Ultimately, you shouldn’t be putting all your money aside for retirement.  Too many people in this world work as hard as they can, in jobs that they hate, saving as much as they can for 40 years so they can “retire”… and then abruptly change everything about the way they life their lives. Instead, you should create your dream life right now so that you won’t be in a rush to retire in the first place!

Saving for retirement is important… but I’d rather have you create a fulfilling life, balancing your short- and long-term goals, and work in a job that gives you energy, doesn’t burn you out, and is something you won’t be in a rush to retire from.  But, of course, you will want to retire at some point… so how should you approach retirement savings if you feel “behind” in your long-term savings?

The Answer is Surprisingly Simple

To be prepared for retirement, the key is to continue to save more — even if you’re not directly saving for retirement.

Remember, paying down debt is an entirely valid form of saving, including your mortgage debt if you have it (although buying a house is NOT a way to save…more to come on that next week!).  So while you may not be doing a lot of “traditional” retirement saving at the moment, that doesn’t mean that you aren’t saving at all.

This brings up the question — How can short-term saving help you if the money isn’t going into retirement accounts? Well, there are two primary inputs into the calculation we use to determine how much you need to save for retirement, and short-term saving can have a big impact on one of them.

  1. How much do you have saved? This is pretty intuitive, and what we usually focus on. Once you have enough money in your retirement accounts, you can retire.  This input includes the amount of money you are currently saving for retirement, and how much you expect your cumulative savings to be worth by the time you retire.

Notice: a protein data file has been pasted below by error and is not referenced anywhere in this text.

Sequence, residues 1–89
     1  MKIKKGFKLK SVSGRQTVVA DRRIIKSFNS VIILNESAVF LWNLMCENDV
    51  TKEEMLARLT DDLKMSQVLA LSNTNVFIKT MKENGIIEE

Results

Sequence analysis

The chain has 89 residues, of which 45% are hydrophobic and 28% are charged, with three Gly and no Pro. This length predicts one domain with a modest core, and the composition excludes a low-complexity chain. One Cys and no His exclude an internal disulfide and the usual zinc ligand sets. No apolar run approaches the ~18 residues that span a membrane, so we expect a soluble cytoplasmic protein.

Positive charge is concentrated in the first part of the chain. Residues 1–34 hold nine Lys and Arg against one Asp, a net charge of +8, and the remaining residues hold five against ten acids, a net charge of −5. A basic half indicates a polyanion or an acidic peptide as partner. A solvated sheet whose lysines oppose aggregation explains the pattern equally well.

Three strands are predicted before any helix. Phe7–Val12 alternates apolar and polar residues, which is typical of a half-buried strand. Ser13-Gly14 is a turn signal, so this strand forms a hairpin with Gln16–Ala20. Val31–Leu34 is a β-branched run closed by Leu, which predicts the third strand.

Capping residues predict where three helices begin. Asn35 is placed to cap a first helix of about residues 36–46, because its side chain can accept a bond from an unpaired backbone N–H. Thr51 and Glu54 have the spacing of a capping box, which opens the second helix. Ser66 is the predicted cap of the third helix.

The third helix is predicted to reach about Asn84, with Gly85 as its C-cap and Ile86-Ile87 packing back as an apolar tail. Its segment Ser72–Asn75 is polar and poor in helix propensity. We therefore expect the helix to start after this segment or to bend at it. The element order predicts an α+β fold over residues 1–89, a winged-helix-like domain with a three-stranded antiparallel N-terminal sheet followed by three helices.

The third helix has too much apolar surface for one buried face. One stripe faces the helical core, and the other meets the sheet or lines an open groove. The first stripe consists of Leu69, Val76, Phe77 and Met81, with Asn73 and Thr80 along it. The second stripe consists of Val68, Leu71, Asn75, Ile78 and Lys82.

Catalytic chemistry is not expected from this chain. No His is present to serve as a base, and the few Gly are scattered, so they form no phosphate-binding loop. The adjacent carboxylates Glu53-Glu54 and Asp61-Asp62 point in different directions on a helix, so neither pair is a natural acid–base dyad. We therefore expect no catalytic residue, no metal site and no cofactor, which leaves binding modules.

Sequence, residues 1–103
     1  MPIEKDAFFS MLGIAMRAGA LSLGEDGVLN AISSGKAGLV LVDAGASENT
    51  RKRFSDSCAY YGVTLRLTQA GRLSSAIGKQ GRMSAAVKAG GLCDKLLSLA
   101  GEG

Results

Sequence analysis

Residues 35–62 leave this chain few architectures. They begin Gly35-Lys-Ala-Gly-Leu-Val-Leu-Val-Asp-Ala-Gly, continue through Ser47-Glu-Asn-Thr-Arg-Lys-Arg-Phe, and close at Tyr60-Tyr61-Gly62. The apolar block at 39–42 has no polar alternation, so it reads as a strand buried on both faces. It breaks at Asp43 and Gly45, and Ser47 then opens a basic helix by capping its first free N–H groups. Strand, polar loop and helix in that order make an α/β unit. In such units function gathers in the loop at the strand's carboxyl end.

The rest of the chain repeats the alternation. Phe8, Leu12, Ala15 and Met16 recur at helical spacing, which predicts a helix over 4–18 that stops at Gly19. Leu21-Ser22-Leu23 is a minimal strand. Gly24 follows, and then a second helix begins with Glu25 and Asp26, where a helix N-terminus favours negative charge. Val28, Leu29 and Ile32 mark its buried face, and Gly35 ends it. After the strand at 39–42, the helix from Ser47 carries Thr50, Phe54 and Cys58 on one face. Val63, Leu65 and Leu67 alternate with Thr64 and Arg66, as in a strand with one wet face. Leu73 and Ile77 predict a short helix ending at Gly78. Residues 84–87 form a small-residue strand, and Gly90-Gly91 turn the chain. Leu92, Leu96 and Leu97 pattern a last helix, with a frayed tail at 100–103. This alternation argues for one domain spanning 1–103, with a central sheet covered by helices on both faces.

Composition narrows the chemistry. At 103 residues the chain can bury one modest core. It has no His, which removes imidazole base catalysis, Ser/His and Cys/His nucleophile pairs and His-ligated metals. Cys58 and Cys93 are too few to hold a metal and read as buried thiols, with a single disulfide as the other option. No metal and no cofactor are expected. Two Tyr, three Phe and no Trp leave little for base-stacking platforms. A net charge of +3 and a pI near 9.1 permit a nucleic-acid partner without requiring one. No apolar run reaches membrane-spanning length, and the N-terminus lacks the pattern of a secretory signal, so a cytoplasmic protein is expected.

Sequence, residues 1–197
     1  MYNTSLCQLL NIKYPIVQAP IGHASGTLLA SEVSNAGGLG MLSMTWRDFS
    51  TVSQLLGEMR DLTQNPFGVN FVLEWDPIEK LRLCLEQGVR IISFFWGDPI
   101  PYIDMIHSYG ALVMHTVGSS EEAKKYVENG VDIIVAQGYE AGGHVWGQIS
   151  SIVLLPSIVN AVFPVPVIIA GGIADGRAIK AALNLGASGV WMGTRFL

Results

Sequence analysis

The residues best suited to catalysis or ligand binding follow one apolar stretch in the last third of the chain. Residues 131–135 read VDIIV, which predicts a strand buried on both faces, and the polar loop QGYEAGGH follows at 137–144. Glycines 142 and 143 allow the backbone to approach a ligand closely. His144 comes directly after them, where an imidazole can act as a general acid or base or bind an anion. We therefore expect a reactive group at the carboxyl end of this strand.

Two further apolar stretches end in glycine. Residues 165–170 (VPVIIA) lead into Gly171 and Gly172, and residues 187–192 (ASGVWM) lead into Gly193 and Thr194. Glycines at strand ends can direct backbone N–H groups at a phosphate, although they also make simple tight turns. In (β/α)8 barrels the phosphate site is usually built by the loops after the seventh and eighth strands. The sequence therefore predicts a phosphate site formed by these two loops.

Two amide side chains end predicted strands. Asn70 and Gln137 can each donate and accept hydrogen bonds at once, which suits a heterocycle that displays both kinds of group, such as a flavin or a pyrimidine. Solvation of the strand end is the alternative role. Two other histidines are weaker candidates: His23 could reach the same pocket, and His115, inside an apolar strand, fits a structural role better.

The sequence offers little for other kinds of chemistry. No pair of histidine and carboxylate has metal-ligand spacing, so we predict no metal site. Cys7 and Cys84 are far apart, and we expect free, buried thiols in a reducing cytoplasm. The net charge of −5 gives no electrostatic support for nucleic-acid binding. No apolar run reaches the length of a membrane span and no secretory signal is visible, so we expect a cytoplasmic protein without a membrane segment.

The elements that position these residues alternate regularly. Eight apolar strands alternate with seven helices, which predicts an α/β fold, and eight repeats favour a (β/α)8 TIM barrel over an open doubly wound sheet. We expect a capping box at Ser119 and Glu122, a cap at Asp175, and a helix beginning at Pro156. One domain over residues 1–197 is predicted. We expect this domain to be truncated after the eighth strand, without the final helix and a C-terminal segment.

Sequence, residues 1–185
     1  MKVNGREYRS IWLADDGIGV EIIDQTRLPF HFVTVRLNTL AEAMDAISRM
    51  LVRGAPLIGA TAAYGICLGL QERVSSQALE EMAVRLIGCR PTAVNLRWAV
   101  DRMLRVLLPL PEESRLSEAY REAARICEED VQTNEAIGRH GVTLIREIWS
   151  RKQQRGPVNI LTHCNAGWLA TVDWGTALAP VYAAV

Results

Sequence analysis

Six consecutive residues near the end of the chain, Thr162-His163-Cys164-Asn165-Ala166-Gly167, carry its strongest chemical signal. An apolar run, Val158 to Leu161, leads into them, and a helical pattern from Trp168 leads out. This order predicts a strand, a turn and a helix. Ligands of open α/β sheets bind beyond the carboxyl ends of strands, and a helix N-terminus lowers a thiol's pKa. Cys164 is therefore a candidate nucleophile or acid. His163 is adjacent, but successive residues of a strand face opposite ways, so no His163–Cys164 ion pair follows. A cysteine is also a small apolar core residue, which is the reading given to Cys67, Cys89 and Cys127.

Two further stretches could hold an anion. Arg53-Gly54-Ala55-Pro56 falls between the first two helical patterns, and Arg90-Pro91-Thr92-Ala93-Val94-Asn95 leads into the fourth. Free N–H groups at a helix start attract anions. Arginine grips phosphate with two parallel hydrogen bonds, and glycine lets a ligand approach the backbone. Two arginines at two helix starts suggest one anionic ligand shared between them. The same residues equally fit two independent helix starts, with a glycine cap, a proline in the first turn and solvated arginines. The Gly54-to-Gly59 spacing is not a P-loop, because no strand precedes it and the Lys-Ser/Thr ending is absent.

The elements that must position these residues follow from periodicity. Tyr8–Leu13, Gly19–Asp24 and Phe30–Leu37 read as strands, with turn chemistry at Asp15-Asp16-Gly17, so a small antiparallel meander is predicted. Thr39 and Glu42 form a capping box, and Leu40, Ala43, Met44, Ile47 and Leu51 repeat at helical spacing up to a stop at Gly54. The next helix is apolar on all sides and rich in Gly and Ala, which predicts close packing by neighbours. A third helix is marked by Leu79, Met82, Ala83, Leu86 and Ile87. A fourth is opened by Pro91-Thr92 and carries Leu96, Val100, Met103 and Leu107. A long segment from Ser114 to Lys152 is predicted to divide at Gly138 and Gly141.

2. How much do you spend each year? The second component doesn’t have anything to do with savings at all… or at least, it doesn’t have anything to do with savings directly.  In order to know how much money you need to retire, we need to know how quickly you’re going to spend your money in retirement.   The more you spend, the more you’ll need to have saved for retirement.

The last sentence above hints at the key link between how your short-term savings and debt paydown can help you retire earlier.  The more you spend, the more you’ll need to have saved for retirement.

The problems holding our generation back from saving for retirement largely aren’t related to spending at all!  We’re saving… but the savings is being redirected elsewhere.  Which means that if you continue saving at the rate you’re saving, even as you pay off your student loans and accumulate enough money to make a down payment on a house, you’ll need less money set aside for retirement to begin with because your spending is low!

That’s worth repeating: If you lower your spending today, and build the habit of saving so that you continue to save once your loans are paid off, the less you will need to save for retirement in the first place. Saving money – even for short-term goals – helps you retire earlier because it decreases the amount of money you need to retire in the first place.